For younger computer players, it is estimated that there is not much idea about the IDE interface. Parallel ATA hard drives have also disappeared in the mainstream market for a long time. The PATA standard specification was produced in the mid-1980s, and it was quickly promoted due to its low price and strong compatibility. With the continuous improvement of DMA mode transmission speed standards, especially after the Intel 430TX chipset provides support for Ultra DMA 33, it became the standard interface for hard disks and optical drives on the market at that time.
Recently, Linux founder Linus Torvalds released an update on the Linux kernel mailing list, announcing the arrival of version 5.14 of the Linux kernel. At the same time, it was confirmed that support for IDE drivers will be canceled. In recent years, with the development of computers, the IDE interface has long become irrelevant, and the SATA interface has completely replaced it.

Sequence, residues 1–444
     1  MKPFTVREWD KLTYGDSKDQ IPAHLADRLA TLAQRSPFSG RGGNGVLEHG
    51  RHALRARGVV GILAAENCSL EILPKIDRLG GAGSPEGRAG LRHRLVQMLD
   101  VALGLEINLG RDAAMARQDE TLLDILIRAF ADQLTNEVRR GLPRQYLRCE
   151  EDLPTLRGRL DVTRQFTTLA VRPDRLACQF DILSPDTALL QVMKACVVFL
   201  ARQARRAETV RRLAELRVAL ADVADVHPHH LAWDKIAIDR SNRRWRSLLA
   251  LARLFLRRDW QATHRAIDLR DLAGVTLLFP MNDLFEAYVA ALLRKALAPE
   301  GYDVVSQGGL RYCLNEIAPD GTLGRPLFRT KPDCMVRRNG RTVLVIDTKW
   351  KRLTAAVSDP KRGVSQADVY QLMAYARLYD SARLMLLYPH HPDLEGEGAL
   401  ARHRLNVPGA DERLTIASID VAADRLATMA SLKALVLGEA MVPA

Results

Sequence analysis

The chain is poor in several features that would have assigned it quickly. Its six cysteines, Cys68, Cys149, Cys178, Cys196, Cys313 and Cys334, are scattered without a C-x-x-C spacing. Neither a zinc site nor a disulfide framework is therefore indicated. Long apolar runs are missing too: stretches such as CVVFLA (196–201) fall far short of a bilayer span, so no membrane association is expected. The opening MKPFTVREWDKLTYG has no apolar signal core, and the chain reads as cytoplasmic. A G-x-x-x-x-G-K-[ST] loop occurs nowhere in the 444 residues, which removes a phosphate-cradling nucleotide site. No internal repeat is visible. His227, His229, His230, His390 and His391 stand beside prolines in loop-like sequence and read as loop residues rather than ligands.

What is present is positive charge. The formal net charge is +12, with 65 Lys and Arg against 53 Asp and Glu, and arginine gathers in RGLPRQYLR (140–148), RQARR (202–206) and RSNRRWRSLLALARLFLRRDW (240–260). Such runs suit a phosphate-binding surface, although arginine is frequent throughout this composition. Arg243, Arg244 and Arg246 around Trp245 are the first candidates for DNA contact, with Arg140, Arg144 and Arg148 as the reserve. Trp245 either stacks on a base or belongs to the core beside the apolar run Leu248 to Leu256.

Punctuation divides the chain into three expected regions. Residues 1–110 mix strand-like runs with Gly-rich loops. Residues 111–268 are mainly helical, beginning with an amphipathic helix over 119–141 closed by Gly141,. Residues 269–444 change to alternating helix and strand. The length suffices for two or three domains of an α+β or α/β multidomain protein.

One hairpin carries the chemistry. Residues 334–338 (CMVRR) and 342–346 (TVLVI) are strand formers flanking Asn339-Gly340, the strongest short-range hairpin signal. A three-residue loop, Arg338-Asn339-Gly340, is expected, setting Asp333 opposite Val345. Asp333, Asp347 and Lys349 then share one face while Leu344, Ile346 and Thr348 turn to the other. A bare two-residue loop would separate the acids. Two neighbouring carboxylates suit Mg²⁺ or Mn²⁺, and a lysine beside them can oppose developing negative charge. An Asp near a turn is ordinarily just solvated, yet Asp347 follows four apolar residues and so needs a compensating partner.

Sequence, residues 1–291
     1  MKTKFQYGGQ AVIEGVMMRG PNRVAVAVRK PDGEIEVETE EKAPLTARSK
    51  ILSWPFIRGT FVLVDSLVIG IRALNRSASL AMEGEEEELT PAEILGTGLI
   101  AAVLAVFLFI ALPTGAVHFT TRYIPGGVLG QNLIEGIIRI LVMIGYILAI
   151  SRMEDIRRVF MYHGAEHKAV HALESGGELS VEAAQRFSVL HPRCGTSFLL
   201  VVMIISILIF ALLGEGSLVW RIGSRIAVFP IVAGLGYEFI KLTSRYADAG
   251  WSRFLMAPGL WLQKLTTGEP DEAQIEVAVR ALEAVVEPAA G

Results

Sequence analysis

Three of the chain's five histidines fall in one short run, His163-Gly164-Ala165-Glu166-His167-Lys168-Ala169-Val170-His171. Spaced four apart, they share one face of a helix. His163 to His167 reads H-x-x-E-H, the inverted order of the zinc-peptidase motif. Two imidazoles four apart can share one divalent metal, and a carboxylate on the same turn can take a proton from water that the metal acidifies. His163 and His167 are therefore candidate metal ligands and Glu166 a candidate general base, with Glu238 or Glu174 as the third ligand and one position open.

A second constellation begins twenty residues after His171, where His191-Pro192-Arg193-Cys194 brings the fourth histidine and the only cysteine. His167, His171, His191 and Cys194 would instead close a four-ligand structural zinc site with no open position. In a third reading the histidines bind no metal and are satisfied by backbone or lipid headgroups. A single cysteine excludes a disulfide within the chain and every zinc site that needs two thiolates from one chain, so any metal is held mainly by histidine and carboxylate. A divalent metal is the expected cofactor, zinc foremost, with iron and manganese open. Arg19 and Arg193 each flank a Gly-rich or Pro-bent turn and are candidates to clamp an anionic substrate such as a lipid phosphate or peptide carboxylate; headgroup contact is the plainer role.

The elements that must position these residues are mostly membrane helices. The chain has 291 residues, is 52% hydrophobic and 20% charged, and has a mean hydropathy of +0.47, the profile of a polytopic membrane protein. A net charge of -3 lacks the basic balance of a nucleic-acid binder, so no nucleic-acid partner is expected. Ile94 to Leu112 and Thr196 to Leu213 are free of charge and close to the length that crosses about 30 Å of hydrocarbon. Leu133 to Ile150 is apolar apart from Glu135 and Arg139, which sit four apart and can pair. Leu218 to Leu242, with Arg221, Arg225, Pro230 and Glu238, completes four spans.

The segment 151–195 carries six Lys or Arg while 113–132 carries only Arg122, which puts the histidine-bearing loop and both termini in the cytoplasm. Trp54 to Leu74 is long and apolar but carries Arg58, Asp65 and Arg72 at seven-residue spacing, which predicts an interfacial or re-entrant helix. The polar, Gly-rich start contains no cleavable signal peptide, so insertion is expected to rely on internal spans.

This news is not surprising. At the beginning of the year, upstream developers already had such a proposal. About two years ago, the traditional IDE driver code was essentially obsolete and was marked to be removed around 2021. With the continuous development of the Linux kernel, it is becoming more and more difficult to support the code of legacy devices. In addition to the reduction in demand, it is necessary to partially remove the support for certain devices to reduce the code. Linus Torvalds said that this work should have been done a long time ago, but simply deleting the code related to IDE driver support is not enough to balance the growth of the kernel, but it is still a good thing to see the cleanup of historical legacy code.
But it should be noted that this only involves IDE driver support. The IDE itself will still be provided on the modern Linux kernel version through the libata layer, after all, many old devices are still using IDE devices. The Linux kernel has relied on libata for better support for a long time and will stick to it.